Wednesday, September 1, 2010
U.S. Farm Exports Could See New Records
The U.S. Department of Agriculture, with a nod toward the drought that has knocked Russian wheat farmers from the export market, said Tuesday it expects U.S. agricultural exports to increase 5.1% to $113 billion in the federal fiscal year ending in September 2011.
One of the biggest factors behind the expected rise is the likelihood that reduced competition from Black Sea farmers will allow U.S. farmers to export $8.1 billion worth of wheat in fiscal 2011, up 35% from the USDA's revised fiscal 2010 forecast of $6 billion.
In May, the USDA forecast fiscal 2010 wheat exports of $5.3 billion.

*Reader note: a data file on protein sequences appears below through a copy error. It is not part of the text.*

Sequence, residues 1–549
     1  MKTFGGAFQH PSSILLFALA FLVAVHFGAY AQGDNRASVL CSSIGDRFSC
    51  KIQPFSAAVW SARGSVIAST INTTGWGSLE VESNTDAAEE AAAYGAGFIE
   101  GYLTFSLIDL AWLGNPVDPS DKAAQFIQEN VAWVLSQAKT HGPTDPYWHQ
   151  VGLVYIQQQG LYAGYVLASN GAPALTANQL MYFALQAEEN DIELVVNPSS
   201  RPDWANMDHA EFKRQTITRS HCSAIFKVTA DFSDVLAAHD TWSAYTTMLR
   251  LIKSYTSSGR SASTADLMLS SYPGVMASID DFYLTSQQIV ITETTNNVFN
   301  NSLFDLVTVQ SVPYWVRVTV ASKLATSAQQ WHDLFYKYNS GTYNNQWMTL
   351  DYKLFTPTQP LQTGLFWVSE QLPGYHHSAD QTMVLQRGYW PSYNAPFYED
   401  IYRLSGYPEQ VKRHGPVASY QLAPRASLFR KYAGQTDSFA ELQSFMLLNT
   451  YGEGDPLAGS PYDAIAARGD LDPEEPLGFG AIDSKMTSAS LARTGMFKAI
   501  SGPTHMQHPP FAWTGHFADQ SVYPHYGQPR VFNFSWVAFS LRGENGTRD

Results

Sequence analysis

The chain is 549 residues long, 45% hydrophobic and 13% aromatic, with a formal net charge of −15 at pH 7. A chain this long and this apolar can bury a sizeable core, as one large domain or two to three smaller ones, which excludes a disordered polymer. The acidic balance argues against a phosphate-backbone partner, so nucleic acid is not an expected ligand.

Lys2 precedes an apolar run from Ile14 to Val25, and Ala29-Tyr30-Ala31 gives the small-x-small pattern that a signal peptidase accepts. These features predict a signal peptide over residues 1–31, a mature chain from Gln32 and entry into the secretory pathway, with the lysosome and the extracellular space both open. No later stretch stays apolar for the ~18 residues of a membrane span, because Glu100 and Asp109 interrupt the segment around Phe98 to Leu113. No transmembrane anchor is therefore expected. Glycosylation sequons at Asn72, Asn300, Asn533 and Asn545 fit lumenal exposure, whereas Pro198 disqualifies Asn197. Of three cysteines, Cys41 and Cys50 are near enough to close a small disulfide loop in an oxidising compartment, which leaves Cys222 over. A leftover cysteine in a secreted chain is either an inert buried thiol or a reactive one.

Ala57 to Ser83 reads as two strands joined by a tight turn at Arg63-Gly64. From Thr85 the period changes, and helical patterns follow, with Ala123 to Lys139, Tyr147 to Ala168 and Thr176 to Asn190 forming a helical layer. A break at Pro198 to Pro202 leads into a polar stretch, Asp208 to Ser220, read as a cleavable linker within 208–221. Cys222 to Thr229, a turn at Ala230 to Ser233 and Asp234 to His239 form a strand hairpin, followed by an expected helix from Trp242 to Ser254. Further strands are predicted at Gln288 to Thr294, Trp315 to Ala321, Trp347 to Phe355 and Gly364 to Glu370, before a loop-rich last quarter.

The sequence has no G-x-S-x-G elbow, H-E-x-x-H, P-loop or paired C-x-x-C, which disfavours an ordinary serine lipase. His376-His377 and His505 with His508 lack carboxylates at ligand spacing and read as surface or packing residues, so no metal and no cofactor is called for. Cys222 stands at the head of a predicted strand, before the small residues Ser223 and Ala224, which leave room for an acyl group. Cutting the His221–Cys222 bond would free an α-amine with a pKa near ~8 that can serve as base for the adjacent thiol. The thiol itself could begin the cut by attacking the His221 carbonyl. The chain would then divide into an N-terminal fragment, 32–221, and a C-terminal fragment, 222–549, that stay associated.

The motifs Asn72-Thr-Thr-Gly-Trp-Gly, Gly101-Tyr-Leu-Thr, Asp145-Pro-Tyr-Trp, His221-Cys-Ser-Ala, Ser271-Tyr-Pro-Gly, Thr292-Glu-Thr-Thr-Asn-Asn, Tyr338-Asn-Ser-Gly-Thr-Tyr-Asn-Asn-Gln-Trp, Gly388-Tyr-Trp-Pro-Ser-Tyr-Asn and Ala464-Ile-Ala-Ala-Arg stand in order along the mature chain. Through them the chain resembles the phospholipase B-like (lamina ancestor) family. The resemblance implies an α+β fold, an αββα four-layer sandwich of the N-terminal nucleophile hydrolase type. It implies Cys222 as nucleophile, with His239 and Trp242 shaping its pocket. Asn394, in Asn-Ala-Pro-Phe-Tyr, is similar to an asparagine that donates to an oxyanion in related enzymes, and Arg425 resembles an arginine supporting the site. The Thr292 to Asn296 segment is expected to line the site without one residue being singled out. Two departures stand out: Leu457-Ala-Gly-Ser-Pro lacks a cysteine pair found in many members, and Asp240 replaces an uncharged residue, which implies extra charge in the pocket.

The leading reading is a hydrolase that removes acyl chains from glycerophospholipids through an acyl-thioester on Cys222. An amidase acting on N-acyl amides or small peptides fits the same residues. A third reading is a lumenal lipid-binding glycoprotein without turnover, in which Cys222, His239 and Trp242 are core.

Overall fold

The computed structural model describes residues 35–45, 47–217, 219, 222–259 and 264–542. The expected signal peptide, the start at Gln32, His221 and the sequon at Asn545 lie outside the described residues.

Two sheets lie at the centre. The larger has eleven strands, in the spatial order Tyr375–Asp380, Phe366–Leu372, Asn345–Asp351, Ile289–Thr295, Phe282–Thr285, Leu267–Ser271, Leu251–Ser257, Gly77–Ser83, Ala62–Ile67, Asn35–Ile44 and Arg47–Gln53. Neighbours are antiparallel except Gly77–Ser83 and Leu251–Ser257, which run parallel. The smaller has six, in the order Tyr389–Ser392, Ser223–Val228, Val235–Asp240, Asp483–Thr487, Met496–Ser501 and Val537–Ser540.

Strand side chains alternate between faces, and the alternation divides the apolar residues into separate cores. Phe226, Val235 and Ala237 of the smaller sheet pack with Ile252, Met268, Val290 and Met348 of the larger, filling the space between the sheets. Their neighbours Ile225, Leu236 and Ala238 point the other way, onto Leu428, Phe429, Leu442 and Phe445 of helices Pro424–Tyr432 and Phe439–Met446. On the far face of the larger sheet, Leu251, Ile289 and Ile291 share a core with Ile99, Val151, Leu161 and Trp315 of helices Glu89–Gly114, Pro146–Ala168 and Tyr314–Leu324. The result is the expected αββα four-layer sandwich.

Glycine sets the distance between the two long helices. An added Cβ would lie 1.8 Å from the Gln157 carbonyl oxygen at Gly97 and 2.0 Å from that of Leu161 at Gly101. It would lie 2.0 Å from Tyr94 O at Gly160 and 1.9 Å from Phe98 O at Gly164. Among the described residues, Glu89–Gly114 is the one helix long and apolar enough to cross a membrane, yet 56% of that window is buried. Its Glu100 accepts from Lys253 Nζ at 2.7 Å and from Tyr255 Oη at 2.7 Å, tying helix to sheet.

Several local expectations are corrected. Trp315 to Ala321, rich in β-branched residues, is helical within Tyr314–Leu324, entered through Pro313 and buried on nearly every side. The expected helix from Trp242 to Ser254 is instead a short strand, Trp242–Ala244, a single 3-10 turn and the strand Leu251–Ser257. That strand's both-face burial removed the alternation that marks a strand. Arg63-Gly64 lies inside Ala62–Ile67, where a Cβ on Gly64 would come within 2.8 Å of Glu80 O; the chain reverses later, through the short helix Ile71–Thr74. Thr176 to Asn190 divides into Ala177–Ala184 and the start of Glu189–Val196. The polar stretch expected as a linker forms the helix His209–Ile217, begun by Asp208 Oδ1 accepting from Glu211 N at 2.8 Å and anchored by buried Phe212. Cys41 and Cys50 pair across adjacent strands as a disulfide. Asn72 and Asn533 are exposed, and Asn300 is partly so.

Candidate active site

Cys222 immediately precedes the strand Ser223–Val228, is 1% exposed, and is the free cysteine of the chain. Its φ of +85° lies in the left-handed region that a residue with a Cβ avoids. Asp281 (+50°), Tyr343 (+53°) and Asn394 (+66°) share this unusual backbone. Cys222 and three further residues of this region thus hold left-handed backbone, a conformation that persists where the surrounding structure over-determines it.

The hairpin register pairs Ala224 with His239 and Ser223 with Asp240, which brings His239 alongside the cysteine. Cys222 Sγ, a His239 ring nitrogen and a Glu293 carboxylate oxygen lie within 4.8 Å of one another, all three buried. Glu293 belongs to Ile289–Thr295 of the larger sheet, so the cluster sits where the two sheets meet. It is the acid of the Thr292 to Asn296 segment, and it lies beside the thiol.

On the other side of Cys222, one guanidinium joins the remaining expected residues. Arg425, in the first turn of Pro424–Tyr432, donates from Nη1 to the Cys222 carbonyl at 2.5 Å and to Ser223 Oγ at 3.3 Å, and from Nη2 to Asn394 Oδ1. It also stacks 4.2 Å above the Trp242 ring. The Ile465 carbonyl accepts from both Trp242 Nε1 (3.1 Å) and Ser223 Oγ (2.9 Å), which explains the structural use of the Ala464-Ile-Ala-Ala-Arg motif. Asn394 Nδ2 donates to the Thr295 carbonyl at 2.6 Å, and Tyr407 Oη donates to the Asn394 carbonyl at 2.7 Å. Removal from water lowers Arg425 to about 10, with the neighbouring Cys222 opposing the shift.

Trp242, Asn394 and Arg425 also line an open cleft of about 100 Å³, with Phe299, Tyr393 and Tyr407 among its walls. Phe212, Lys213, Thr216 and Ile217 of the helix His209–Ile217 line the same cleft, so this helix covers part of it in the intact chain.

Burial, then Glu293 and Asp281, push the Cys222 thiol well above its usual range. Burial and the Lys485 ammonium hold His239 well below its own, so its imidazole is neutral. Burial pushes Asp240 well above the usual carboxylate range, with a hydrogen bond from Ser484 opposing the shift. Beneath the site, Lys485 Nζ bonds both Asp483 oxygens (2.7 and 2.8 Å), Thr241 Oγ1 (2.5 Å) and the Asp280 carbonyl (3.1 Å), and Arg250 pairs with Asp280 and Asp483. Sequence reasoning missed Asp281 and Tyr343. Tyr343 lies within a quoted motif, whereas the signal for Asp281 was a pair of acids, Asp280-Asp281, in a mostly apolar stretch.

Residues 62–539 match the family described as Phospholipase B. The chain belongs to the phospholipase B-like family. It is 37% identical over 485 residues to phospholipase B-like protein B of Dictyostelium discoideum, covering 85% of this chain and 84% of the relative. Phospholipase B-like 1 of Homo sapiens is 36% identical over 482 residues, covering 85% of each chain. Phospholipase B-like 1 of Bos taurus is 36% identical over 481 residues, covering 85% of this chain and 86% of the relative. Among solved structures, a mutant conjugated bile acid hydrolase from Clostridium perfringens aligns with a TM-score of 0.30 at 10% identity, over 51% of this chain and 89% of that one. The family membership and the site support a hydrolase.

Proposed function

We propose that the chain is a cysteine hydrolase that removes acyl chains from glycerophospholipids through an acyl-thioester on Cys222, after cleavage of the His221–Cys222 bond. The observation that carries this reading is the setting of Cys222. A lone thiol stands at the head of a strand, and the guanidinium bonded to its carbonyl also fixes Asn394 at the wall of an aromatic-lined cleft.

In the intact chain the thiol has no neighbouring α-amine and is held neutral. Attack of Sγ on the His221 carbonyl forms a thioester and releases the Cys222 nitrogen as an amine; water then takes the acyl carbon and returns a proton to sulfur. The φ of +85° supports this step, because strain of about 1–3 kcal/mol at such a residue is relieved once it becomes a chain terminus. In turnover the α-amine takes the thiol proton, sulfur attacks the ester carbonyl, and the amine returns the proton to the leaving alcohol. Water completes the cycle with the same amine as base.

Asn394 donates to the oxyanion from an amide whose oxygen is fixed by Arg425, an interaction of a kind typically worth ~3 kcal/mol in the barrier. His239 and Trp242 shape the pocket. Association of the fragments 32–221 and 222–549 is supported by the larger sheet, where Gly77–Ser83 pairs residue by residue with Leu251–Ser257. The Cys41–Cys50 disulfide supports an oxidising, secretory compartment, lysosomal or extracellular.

The USDA also predicted that U.S. corn exports will climb 16.5% in fiscal 2011 to $10.6 billion from its fiscal 2010 forecast of $9.1 billion. The agency also said it expects U.S. cotton exports to climb 25% in fiscal 2011 to $6 billion from $4.8 billion in fiscal 2010.
U.S. agricultural exports are climbing despite the rocky economy in the U.S. and much of developed world in part because U.S. farmers do a lot of their business with emerging Asian nations, which are generating the strongest growth.
The USDA said Tuesday it expects the U.S. to export $47 billion worth of agricultural goods to Asia in fiscal 2011, up 5.1% from its upwardly revised forecast of $44.7 billion in fiscal 2010.